About Melodie

Melodie is a Public Relations Consultant at HMNS.

HMNS@100 – Meet Irene Offeman

1922-houston-public-library
 The Downtown Public Library in 1922,
at the time the museum was housed here.

This year, the Houston Museum of Natural Science is one hundred years old. And, it got me to thinking, “What was Houston like when we got started?” Here’s a little taste of history: In 1909, President Taft had a procession down Main Street; W. W. Baldwin started a trolley line to connect Bellaire with Houston; the mayor was H. Baldwin Rice; and the museum was established as the Houston Museum and Scientific Society and was housed in the City of Houston’s public auditorium and at the downtown public library.

Now here we are—in 2009—celebrating a century of science. Through vigorous efforts, HMNS has grown to become one of the highest-attended museums in the United States with millions of people visiting each year from around the globe. And in honor of our 100th year, we thought it would be a great time to introduce you to some of our HMNS legends that have been instrumental in the museum’s growth and have seen the Museum blossom from a new organization welcoming visitors to an assortment of small exhibits, to an expansive multi-story science center.

Today, you’ll meet Irene Offeman. When she looks back during her 26 years of service at the museum, she can talk for hours and still have many more fascinating stories to tell. After leaving her home, I told my colleague Erin that Ms. Offeman is the epitome of what Phil Munsey describes as the meaning of “legacy” in his book, Legacy Now – that life is not just about how you live but what you leave behind.

Ms. Offeman left a concrete thumbprint on this amazing institution, including a detailed plan for a new paleontology hall which we’re in the process of developing today (the reason behind our current capital campaign). Ever since I met her, I have looked forward to sharing her story with you. Take a look at the video and let us know what you think – you can also see more stories at our Centennial web site.

VIDEO: Terra Cotta Warriors set to invade HMNS

I’ve been meaning to write this blog, it seems like, forever. I traveled to the city of Xi’an in China to see the Terra Cotta Warriors a couple of months ago and the experience was…Actually, I can’t quite put it into words, which is why it has taken me a while to share my story with you. The words I want to use are “enlightening;” “awesome;” “once-in-a-lifetime;” “amazing;” “breathtaking;” etc. But it was so much more than that.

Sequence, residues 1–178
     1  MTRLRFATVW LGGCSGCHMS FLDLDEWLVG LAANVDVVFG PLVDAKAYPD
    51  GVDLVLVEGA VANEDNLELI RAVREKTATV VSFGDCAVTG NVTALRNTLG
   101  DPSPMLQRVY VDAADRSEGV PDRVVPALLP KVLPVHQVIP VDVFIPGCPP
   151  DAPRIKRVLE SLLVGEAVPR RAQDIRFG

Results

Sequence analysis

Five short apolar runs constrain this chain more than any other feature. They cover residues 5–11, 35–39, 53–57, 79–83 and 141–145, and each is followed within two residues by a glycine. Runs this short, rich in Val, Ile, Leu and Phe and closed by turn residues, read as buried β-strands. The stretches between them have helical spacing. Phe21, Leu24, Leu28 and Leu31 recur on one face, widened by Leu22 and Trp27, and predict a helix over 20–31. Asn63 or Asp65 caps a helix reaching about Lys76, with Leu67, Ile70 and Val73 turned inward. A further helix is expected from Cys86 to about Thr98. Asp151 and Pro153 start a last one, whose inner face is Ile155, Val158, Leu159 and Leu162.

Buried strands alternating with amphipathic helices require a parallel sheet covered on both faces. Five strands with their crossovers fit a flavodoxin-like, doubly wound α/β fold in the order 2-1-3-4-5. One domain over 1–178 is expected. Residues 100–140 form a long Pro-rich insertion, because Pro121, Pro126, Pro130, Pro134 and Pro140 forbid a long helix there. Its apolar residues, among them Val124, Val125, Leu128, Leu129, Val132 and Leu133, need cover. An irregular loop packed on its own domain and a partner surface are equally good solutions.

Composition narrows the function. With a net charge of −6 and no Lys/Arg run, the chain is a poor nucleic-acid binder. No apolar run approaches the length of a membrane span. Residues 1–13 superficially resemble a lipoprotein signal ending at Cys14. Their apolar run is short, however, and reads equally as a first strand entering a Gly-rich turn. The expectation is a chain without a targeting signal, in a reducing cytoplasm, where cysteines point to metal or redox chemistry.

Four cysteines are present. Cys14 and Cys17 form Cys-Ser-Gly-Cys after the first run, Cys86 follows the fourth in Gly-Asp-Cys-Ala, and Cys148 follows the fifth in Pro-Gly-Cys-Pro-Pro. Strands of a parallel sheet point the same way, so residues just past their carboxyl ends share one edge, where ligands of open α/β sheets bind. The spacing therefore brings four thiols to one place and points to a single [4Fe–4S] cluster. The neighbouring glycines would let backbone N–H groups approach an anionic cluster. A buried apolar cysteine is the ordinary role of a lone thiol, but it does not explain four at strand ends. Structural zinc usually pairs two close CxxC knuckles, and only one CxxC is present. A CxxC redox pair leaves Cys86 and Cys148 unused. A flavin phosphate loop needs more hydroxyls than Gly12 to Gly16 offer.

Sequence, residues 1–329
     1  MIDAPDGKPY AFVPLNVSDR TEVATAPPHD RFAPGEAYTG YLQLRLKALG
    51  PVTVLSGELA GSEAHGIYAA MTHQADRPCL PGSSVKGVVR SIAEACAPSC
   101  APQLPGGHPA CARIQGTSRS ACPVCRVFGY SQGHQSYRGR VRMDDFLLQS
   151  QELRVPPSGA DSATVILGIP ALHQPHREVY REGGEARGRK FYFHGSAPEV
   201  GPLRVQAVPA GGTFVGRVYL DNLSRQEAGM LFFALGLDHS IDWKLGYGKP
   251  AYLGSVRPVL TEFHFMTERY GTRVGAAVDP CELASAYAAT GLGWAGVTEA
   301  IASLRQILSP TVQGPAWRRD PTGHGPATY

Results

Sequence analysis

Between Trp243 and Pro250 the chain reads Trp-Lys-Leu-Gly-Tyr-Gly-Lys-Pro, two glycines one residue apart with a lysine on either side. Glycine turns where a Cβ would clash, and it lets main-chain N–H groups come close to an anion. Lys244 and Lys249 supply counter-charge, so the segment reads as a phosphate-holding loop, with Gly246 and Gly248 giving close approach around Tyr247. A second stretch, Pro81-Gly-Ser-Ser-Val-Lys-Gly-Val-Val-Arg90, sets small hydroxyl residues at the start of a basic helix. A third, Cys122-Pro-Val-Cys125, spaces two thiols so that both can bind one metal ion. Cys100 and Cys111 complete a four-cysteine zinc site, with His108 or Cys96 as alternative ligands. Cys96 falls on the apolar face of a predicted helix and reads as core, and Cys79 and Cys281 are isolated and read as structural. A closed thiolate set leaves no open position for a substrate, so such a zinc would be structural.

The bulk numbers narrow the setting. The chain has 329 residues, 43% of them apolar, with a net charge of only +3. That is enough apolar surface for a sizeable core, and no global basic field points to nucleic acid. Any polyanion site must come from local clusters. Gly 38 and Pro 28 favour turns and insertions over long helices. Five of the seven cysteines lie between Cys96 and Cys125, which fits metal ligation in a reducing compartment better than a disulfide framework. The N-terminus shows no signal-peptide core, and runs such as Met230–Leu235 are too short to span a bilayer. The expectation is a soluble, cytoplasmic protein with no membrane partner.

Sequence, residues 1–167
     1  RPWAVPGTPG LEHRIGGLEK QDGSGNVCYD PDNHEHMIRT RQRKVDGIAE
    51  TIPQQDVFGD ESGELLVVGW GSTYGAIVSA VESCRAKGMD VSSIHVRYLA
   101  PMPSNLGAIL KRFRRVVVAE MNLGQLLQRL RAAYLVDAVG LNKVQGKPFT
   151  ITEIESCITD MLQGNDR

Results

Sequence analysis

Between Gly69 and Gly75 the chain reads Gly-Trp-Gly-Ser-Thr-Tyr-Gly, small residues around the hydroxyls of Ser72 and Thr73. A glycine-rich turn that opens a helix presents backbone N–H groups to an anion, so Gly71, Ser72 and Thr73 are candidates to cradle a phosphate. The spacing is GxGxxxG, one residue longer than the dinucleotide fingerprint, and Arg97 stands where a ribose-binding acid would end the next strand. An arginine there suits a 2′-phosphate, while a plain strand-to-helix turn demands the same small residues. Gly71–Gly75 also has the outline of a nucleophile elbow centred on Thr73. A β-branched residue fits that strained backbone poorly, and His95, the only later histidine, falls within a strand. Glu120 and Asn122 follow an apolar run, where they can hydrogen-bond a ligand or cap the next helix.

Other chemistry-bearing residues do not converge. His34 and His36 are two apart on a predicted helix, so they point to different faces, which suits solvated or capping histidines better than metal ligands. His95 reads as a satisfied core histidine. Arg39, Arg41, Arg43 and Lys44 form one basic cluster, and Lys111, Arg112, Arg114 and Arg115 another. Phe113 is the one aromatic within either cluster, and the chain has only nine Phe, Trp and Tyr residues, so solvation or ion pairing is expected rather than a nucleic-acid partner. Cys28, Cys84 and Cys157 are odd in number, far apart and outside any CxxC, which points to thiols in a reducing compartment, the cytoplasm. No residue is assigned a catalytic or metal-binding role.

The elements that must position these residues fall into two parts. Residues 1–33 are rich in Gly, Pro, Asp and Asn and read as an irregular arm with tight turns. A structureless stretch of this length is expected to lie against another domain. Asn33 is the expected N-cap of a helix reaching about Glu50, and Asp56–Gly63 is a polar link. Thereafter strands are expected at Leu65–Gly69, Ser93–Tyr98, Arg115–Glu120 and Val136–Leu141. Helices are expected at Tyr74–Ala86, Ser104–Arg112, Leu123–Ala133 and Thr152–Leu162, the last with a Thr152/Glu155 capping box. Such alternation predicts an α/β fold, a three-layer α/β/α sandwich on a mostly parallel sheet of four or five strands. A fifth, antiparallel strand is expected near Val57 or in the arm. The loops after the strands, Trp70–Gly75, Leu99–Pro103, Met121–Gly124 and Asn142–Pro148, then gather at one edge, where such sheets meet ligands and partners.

mel-warriors-1
 Me standing in Pit 1

Here I was standing in Pit 1 at the Terra Cotta Warrior Museum amidst thousands of life-size warriors dating to around 200 BC—one of the most sensational archeological finds of all time. How can I simply find the right words to describe this?

After walking into the Pit on my initial visit, I turned to my colleague, Lisa, and commented: “when I was growing up, never in my wildest dreams did I ever think I would be in China standing at this legendary site.” And, I must admit China was not on my Bucket List.  However, I advise you to add it to your list if you haven’t done so. It is estimated that more than two million people a year travel to Xi’an to view the famous clay warriors.

Because I can’t seem to find the appropriate words to describe how excited I am about the arrival of the special exhibition, Terra Cotta Warriors: Guardians of China’s First Emperor opening May 22, as well as explain to you just how grand this experience will be for visitors without gasping for air out of pure enthusiasm, I recruited our Curator of Anthropology, Dirk Van Tuerenhout, to share his thoughts. His commentary is mixed with video I captured during my trip.

Click on the play button below to hear his tale of the First Emperor and the Terra Cotta Warriors and what you can expect to see in this unprecedented show.